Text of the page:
Chue Por lost his arm in a landmine explosion 15 years ago. With the support of Humanity & Inclusion, he has regained his independence and advocates for explosive weapons to be banned.
In January 2007, Chue Por was fishing with friends in northeastern Laos when he pulled a landmine out of the water. It exploded in his hand. He was rushed to the hospital, where the doctors amputated his arm. His family sold all their livestock and borrowed money from their neighbors to save his life.
Chue Por, who was 18 at the time of the incident, dropped out of school because he felt too dependent and different from his friends. Because of his amputation, he could no longer work on his parents' farm or find other ways to help support his family.
Humanity & Inclusion met Chue Por in 2019 and referred him to a rehabilitation center, where he was fitted with an artificial hand and given physical therapy.
"Thanks to Humanity & Inclusion, I am supported both physically and psychologically,” Chue Por says.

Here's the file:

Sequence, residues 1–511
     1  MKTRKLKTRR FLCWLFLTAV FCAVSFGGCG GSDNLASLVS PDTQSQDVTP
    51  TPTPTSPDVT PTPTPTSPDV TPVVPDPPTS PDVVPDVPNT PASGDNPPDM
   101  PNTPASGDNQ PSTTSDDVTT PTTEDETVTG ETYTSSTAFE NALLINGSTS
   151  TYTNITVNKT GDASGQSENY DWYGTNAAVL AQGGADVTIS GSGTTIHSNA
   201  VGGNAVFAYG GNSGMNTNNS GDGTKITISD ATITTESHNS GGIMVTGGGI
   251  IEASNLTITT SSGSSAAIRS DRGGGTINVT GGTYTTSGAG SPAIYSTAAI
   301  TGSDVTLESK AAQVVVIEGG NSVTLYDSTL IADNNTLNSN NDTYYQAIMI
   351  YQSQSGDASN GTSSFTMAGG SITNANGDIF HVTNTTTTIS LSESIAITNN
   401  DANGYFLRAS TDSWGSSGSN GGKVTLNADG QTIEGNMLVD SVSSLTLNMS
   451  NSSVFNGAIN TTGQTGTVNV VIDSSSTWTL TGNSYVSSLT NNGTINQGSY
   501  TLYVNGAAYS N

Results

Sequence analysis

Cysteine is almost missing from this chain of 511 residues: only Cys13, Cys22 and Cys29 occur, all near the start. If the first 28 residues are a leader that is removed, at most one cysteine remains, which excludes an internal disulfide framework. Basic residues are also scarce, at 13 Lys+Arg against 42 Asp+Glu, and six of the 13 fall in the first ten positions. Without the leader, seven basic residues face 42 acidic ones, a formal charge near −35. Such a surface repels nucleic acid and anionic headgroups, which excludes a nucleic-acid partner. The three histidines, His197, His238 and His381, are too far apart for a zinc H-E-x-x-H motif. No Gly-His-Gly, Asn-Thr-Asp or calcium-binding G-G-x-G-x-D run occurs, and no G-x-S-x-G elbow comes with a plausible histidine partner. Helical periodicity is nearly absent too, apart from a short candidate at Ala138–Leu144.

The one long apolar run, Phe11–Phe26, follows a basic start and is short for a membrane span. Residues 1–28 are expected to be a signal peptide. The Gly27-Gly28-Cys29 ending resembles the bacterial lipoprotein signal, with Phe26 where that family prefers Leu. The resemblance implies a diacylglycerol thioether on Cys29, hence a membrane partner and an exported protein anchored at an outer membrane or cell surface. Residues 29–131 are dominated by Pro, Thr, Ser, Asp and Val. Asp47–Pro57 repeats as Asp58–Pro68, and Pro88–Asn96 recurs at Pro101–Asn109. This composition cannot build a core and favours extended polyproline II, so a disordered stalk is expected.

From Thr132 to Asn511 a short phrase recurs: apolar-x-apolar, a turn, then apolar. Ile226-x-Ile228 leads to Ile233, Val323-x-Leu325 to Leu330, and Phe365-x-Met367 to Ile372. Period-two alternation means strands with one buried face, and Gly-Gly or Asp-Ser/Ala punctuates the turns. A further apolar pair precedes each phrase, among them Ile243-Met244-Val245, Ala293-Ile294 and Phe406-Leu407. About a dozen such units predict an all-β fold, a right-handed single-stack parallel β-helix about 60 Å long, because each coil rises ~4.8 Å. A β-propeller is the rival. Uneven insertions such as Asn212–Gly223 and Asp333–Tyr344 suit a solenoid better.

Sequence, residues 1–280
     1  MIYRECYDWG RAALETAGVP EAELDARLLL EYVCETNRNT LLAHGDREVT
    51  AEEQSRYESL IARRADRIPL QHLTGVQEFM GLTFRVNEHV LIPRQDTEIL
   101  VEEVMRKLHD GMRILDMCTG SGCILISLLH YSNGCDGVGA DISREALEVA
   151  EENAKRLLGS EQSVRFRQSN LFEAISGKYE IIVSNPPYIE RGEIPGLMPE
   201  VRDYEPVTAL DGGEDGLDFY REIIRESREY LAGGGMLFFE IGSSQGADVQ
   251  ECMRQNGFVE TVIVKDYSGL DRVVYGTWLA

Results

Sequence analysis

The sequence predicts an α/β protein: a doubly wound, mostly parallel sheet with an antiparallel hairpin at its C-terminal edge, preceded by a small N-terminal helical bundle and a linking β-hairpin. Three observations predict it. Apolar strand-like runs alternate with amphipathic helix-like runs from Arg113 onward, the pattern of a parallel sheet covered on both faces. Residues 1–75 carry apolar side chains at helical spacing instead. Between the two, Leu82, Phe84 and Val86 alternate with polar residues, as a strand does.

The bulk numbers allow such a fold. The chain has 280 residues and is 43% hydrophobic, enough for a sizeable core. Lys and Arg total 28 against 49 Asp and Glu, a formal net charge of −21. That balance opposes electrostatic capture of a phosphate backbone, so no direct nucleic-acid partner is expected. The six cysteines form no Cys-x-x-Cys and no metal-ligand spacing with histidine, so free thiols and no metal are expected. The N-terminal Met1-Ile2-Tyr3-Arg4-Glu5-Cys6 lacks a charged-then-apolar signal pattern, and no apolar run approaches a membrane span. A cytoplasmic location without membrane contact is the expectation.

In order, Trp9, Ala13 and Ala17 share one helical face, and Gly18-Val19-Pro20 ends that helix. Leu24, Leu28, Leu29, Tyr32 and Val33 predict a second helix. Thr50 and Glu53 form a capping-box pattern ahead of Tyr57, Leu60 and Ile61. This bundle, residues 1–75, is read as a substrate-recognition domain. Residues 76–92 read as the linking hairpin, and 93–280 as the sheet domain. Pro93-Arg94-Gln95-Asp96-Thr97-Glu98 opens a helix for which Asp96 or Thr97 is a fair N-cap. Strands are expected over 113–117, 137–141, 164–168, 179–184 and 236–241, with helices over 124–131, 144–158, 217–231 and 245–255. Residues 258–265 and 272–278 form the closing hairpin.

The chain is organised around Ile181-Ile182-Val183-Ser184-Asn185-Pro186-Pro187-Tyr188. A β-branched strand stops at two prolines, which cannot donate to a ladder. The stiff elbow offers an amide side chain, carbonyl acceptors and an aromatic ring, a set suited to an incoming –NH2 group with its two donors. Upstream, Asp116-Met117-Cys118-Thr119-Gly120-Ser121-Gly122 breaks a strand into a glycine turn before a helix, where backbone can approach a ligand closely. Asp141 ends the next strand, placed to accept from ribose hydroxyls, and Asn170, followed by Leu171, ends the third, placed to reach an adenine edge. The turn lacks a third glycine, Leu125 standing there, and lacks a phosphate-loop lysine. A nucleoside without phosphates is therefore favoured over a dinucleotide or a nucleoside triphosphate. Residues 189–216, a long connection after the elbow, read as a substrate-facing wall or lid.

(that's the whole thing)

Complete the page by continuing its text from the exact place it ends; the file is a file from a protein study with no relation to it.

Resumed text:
Rediscovering sense of purpose
Today, Chue Por is receiving training to become a volunteer in his village and support people with mental health issues. He also participates in inclusion activities to help people with disabilities find their place in the community.
Chue Por grows rice and beans to sell, so he can support his family.
"Today I can clearly see the positive changes in my life,” he explains. “I am happy to be with my family and to look after my cattle.”
Chue Por is engaged in advocacy efforts supporting the Mine Ban Treaty, the Cluster Munitions Convention and other international frameworks to prevent the use of landmines and other explosive weapons during war.